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How’d your weekend go? Did you spend it with Dad (or at least share a moment with him)?
MrsFrugalSamurai and I certainly did, having dinner with our respective parents as they regaled us with stories from the old country.
I’ve heard many of those stories before of course – yet I often reminisce and wonder what would have happened if we had stayed in the country of my birth.
Certainly life would have been very different.
However as a second generation migrant, myself – like so many others, are now blessed to call Australia home.
It was very different growing up for I remember my early childhood quite vividly, those formative early years in this country.
The frustration at the stumbling blocks of language, the prejudice faced in the classrooms (kids can be really mean) and the fostering of a hybrid identity.
For a time, I couldn’t understand why we had left the warm embrace of my grandparents, the comfort and smells of my homeland.
Almost 30 years later, I can now.
Our parents just want what’s best for their next generation – to have the best start and live a healthy and rewarding life.
That is true for every parent who feels a responsibility for their children.
Immigration is a big topic in politics and the media with the record number of displaced persons, refugees and asylum seekers around the world, seeking shelter and a new home in a better land.
So to take it in context – I’ve found a couple of charts which gives a graphical representation of just why people move when they do:
The Global Peace Index (from the Institute for Peace and Economics) ranks countries from most peaceful to least, with low scores indicating more peaceful and high scores more violence.
Wikipedia states: “The GPI gauges global peace using three broad themes: the level of societal safety and security, the extent of ongoing domestic and international conflict and the degree of militarization. Factors are both internal such as levels of violence and crime within the country and external such as military expenditure and wars”.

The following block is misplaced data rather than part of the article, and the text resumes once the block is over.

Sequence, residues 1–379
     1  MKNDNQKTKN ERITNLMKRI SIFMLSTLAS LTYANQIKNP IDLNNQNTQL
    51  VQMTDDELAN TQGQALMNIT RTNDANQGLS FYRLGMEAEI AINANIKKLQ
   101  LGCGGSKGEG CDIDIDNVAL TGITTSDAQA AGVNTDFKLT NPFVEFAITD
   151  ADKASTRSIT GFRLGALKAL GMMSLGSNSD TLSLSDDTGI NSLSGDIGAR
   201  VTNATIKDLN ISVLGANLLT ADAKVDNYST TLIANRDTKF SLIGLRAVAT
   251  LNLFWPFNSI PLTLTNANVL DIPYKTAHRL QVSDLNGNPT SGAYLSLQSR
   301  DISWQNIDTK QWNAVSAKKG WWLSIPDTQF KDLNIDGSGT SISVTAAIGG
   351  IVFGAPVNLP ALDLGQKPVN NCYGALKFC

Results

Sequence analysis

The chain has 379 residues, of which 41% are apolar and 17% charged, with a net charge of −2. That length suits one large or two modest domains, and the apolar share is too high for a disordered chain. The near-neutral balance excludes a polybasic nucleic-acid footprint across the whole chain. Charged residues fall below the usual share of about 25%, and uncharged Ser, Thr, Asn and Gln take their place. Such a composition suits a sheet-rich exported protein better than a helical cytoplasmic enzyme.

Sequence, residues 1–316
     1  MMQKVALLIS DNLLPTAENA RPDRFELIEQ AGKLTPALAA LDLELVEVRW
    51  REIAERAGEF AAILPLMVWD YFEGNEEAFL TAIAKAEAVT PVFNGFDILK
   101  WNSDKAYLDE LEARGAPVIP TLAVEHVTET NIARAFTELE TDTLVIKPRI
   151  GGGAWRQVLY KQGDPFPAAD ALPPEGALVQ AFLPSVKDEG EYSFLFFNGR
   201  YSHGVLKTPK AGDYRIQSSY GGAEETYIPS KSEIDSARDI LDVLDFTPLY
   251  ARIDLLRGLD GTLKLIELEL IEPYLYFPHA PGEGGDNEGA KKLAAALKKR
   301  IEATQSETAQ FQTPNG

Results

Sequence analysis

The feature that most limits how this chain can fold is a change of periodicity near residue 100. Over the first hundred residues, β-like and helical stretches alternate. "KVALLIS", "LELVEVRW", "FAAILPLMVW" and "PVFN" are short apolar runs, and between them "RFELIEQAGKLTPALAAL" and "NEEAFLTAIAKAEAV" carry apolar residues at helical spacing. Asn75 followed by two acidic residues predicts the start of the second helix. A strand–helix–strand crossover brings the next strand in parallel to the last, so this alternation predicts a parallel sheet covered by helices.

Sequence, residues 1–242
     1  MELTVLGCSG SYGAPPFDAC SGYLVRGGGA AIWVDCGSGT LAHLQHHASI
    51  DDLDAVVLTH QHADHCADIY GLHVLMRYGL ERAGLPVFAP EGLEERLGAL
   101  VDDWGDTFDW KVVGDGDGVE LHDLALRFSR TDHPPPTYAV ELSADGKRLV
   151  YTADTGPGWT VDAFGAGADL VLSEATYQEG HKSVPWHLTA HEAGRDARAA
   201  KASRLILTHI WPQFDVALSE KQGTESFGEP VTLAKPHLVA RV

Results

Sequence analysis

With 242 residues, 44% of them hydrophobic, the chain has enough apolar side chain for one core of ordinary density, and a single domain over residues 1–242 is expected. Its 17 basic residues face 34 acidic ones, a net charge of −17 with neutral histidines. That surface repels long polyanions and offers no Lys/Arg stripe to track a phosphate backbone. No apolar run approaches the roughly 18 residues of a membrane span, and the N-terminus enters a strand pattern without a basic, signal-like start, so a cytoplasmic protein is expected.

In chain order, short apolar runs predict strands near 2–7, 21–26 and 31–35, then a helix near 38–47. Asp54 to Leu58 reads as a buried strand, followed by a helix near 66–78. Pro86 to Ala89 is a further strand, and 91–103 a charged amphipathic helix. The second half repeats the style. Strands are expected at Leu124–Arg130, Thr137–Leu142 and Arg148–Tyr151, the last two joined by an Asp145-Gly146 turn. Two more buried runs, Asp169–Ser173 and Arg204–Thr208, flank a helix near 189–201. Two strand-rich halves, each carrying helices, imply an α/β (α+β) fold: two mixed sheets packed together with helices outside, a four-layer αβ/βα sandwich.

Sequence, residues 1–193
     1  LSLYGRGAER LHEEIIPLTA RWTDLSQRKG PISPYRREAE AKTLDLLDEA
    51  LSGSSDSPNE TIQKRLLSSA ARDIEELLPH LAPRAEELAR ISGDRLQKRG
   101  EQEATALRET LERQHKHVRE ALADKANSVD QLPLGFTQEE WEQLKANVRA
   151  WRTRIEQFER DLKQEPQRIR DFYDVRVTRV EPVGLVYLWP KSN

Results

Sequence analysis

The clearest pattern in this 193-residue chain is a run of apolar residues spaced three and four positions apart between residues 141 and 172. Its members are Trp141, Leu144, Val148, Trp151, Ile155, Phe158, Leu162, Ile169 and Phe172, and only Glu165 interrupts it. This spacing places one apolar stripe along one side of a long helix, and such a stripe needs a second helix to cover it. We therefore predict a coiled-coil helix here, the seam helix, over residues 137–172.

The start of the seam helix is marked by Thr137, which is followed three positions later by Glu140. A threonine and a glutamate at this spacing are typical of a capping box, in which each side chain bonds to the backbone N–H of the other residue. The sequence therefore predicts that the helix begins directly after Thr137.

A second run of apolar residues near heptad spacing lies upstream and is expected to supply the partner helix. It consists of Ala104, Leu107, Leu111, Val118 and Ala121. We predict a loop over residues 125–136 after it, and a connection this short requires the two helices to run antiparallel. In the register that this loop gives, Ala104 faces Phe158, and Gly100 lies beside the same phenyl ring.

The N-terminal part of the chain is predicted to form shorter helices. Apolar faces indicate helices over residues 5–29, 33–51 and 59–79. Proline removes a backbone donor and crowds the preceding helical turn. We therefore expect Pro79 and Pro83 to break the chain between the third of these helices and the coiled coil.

As you can see, Australia, New Zealand and Canada are among the most peaceful nations on the planet, and are the most accommodating when it comes to their immigration intake – as reflected by the high levels of multi-culturalism respectively.
Continuing on that theme, I also found this chart on corruption scores from Transparency International. As peace and corruption are often inversely correlated.
As you can see, if you compare the two graphics, the more turbulent a country tends to be, the more difficult and corrupt it is generally speaking.
Which is why many residents of those countries in red and yellow, look for cleaner and more morally responsible countries in green – for a better tomorrow.
But you know immigration is very much a political issue.
For not a day goes by that the media sensationalizes stories about the negative (rarely positive) impacts of immigration, the people and cultures involved.
But politics and the media is far and away not the point of this blog.
I’m just thankful that 25 years ago, Australia opened its doors to my family so we could have a place to call ours.
So that on this Father’s Day – we could have both sets of parents sharing a meal in peace and safety with their son and daughter.
It’s good to not take things for granted sometimes.
And to Mum and Dad, we don’t often say this enough – but we love you. Thank you for doing what you feel is best for the family, and thank you for relocating your entire life so we can have a better future.
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The Frugal Samurai
Thank you – appreciate the comment!
very interesting seeing the peace scores… and is today father’s day in an asian culture? Joy at The Joyous Living
The Frugal Samurai
Thanks for commenting – glad you enjoyed it! Not that I’m aware of BUT I’m finding that Asian cultures are becoming increasingly Westernized more and more, so wouldn’t bet against it being so in a few years!